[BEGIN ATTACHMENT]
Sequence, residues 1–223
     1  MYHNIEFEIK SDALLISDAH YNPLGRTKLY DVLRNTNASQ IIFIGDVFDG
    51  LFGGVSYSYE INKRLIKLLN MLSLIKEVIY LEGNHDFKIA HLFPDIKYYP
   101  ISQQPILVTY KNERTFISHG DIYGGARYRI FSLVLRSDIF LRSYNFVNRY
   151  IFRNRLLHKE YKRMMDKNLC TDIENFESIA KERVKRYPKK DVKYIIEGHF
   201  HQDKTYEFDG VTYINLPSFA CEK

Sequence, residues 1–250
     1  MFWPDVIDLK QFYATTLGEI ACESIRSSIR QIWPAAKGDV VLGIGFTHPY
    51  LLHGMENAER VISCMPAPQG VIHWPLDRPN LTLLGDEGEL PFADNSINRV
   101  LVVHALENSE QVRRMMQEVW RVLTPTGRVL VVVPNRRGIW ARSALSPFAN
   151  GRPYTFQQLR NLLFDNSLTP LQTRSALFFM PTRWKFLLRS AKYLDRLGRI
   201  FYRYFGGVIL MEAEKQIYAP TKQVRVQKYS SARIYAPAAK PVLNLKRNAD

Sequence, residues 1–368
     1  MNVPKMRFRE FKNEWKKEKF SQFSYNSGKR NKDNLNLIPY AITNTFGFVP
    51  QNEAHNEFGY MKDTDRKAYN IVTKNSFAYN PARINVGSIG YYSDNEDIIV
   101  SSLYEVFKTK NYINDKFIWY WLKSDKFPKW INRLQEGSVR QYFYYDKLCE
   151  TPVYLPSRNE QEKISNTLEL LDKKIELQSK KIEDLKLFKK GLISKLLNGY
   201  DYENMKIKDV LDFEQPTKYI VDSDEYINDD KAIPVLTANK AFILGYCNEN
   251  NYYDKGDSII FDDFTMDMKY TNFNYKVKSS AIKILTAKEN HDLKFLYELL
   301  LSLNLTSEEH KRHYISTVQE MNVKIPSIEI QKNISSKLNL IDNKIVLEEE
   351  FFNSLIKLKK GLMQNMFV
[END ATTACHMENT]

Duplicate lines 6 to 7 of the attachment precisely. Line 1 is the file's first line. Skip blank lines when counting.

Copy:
   201  HQDKTYEFDG VTYINLPSFA CEK

Sequence, residues 1–250